When I was around nine years old, I saw a beautiful and imaginative foreign-looking film which went by the name of ‘Laputa: The Flying Island’ on terrestrial TV. Unaware of the fact that it was anime, the images of the flying machines, mountain villages and stunning scenery stayed in my memory ever since and for years I kept an eye out for it in the vague hope that it was available on video or DVD. Luckily, Buena Vista bought the rights and released it on DVD, along with other films from Studio Ghibli including Princess Mononoke and Kiki’s Delivery Service. Although the name had been changed, the first viewing of the DVD proved that I had found the film that had seemed so enchanting all those years ago.
The story centres on a young teenage girl named Sheeta, who is pursued by the government and a motley crew of sky pirates who want to discover the secrets of a mysterious heirloom: a magical levitation stone that she wears around her neck. The stone is believed to be the key to discovering the long-forgotten city of Laputa, a once-powerful floating city whose occupants had long since disappeared. After initially escaping her kidnappers, Sheeta meets a young boy named Pazu who joins her in the search for Laputa.
This film is a brilliant classic-style family adventure, and a perfect example of Miyazaki’s work. The power and scope of his imagination is staggering, and somehow brings out the childlike sense of wonder which so many of us lose over time. The animation is inevitably showing its age a little but still stands up well against other animated films of the same age. The simply-drawn character designs are nevertheless well-developed personality-wise and the storyline moves quickly enough to prevent boredom setting in during its unusually long 2 hour running time. The innocent love and friendship between the film’s young heroes is genuinely charming and in stark contrast to the sinister and unstoppable military led by the suitably evil villain, Muska. What is particularly evident is Miyazaki’s recurring love of designing weird and wonderful flying machines: the bizarre assortment of airships and planes allows for exciting chase sequences and spectacular aerial views of the Jules Verne-esque alternate world that he has created. The most impressive flying object of all, Jonathan Swift’s island of Laputa with its weird robots, lush gardens and stone towers is drawn with loving care and painstaking attention to detail. The Joe Hisaishi musical score is equally magical and sets the mood of each scene perfectly, whether it is serene, tense or awe-inspiring.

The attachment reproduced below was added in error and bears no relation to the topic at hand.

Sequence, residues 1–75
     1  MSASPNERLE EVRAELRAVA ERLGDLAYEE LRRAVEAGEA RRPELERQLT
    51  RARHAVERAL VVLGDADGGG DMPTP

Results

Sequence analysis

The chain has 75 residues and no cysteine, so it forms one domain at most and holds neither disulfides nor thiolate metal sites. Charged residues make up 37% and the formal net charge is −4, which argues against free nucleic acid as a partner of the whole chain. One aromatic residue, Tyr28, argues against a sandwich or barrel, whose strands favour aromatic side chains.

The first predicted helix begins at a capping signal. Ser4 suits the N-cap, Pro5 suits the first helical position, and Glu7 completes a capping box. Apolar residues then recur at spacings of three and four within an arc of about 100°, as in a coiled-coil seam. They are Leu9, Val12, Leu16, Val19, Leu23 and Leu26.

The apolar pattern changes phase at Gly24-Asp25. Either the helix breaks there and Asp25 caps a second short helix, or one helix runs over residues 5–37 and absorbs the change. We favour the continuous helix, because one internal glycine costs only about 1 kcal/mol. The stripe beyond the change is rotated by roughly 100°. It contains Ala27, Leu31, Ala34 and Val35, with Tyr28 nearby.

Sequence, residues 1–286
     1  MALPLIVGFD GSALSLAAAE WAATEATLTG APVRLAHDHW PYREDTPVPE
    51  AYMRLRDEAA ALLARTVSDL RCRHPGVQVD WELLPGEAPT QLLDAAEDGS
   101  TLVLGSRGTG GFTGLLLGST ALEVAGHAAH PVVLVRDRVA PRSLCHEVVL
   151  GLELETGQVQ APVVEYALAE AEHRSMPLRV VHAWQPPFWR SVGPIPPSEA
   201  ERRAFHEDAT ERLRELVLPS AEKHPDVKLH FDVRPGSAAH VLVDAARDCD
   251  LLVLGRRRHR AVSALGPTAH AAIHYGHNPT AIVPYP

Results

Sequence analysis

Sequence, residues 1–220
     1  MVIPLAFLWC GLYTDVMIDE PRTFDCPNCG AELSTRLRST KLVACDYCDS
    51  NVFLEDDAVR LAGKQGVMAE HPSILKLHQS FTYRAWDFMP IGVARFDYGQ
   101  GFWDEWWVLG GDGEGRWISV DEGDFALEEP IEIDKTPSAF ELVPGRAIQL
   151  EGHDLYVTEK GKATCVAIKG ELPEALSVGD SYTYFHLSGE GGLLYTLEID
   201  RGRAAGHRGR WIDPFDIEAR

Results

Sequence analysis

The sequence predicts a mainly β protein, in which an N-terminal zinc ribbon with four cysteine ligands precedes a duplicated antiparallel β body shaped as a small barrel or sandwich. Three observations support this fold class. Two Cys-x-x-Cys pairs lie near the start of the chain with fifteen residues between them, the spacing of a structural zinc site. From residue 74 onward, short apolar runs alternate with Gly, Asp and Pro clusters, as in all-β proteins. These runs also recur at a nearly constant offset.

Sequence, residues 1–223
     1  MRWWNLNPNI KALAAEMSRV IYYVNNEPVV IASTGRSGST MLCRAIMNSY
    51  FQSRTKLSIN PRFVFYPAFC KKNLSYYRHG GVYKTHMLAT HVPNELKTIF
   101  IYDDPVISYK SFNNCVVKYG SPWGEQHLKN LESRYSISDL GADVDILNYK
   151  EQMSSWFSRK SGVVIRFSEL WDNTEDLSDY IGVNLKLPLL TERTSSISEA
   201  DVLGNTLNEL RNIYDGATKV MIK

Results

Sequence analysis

The only negative aspects to this release are the mildly disappointing amounts of DVD extras and the English language dub. In terms of bonus material there are only a couple of trailers and a short sequence of storyboards; that said, it is probably unlikely that interviews and other extras that date back to the film’s initial release have survived anyway. The new dub, which replaces the old Streamline Pictures version, has a lot of famous names but the end result is somewhat less than the sum of its parts. Cloris Leachman and Mark Hamill are perfectly suited to the roles of Ma Dola and Muska, but James Van Der Beek’s VA skills are unsuited to a character of Pazu’s age and the more minor characters come across as a little too cartoonish in places. The original Japanese dialogue is available as an option on the DVD, but suffers from the subs taking the form of ‘dubtitles’, in which the subs on the screen are based on the dub rather than a more accurate and literal translation of the original language track.
A beautifully crafted adventure, with enough excitement, suspense and humour to keep all ages entertained. If Disney had equalled the quality and accuracy of the original English dub, this would be another 10.